"I'll understand when you tell me," he said placidly.
"I've told you. I needed the team. I was going to let you have one of our horses and seventy-five dollars. It's all I have with me."
"One of your horses, you say? With seventy-five dollars to boot? And you was intending to arrange the trade from behind that gun. I expect you needed a team right bad."
His steady eyes rested on her, searched her, appraised her, while he meditated aloud in a low easy drawl.
"Yes, you ce'tainly must need the team. Now I wonder why? Well, I'd hate to refuse a lady anything she wants as bad as you do that." He swiftly swooped down and caught up her revolver from the ground, tossed it into the air so as to shift his hold from butt to barrel, and handed it to her with a bow. "Allow me to return the pop-gun you dropped, ma'am,"
She snatched it from him and leveled it at him so that it almost touched his forehead. He looked at her and laughed in delighted mockery.
"All serene, ma'am. You've got me dead to rights again."
His very nonchalance disarmed her. What could she do while his low laughter mocked her?
"When you've gone through me complete I think I'll take a little pasear over the hill and have a look at your hawss. Mebbe we might still do business."
As he had anticipated, his suggestion filled her with alarm. She flew to bar the way.
"You can't go. It isn't necessary."
"Sho! Of course it's necessary. Think I'm going to buy a hawss I've never seen?" he asked, with deep innocence.
"I'll bring it here."
"In Texas, ma'am, we wait on the ladies. Still, it's your say-so when you're behind that big gun."
He said it laughing, and she threw the weapon angrily into the seat of the rig.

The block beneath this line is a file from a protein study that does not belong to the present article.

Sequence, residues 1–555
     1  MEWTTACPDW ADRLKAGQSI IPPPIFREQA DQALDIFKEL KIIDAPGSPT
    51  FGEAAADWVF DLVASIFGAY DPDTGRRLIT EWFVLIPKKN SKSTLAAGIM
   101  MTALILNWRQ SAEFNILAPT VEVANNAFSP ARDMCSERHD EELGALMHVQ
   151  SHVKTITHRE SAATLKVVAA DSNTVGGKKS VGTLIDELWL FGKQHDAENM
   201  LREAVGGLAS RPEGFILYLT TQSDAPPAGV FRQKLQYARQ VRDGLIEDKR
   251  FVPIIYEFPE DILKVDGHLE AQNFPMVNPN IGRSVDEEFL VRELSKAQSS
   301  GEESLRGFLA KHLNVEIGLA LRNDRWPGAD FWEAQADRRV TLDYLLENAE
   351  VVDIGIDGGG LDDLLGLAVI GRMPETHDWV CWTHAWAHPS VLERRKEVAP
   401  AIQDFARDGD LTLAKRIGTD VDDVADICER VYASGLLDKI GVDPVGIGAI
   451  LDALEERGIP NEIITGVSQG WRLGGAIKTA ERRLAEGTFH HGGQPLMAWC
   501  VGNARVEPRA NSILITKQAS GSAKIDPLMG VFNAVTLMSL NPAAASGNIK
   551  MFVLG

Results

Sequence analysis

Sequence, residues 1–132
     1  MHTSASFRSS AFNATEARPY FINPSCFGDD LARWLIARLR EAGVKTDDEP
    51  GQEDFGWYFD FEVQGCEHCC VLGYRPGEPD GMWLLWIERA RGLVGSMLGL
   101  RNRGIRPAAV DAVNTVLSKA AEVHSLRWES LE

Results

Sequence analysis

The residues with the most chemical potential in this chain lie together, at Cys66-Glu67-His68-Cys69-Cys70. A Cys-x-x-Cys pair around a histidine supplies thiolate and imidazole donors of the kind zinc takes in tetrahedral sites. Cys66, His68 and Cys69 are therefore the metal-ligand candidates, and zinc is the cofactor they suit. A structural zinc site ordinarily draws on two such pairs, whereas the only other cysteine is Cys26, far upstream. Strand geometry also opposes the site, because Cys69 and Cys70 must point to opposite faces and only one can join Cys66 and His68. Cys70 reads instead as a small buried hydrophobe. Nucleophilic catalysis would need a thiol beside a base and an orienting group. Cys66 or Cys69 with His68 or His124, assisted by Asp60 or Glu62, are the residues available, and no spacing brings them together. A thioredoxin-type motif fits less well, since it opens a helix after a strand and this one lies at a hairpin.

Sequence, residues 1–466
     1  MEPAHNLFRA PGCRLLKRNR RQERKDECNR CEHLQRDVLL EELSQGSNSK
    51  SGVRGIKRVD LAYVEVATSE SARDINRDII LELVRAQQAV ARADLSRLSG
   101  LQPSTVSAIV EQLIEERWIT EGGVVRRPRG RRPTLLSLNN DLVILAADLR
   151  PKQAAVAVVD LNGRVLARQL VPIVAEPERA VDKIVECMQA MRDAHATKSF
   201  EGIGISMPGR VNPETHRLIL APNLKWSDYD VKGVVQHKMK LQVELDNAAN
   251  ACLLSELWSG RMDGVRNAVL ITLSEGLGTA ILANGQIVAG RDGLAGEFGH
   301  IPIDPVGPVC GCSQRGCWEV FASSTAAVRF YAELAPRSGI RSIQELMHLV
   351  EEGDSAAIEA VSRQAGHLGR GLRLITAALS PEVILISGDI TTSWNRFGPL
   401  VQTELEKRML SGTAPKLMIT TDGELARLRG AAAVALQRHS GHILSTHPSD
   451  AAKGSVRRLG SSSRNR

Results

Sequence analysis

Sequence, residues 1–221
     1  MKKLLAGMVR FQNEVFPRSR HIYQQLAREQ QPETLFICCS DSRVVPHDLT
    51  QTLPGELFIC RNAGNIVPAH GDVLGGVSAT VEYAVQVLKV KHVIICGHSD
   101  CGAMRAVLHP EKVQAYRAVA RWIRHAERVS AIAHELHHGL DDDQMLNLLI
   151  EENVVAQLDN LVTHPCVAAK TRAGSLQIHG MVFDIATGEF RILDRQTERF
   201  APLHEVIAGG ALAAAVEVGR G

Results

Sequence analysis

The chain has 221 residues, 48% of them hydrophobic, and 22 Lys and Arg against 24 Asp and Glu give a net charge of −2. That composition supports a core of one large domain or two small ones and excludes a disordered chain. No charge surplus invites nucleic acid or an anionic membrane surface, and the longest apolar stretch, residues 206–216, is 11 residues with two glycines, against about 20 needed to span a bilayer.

"Thank you, ma'am. I'll amble down and see what's behind the hill."
By the flinch in her eyes he tested his center shot and knew it true. Her breast was rising and falling tumultuously. A shiver ran through her.
"No-- no. I'm not hiding-- anything," she gasped.
"Then if you're not you can't object to my going there."
She caught her hands together in despair. There was about him something masterful that told her she could not prevent him from investigating; and it was impossible to guess how he would act after he knew. The men she had known had been bound by convention to respect a woman's wishes, but even her ignorance of his type made guess that this steel-eyed, close-knit young Westerner-- or was he a Southerner?-- would be impervious to appeals founded upon the rules of the society to which she had been accustomed. A glance at his stone-wall face, at the lazy confidence of his manner, made her dismally aware that the data gathered by her experience of the masculine gender were insufficient to cover this specimen.
"You can't go."
But her imperative refusal was an appeal. For though she hated him from the depths of her proud, untamed heart for the humiliation he had put upon her, yet for the sake of that ferocious hunted animal she had left lying under a cottonwood she must bend her spirit to win him.
"I'm going to sit in this game and see it out," he said, not unkindly.
Her sweet slenderness barred the way about as electively as a mother quail does the road to her young. He smiled, put his big hands on her elbows, and gently lifted her to one side. Then he strode forward lightly, with the long, easy, tireless stride of a beast of prey, striking direct for his quarry.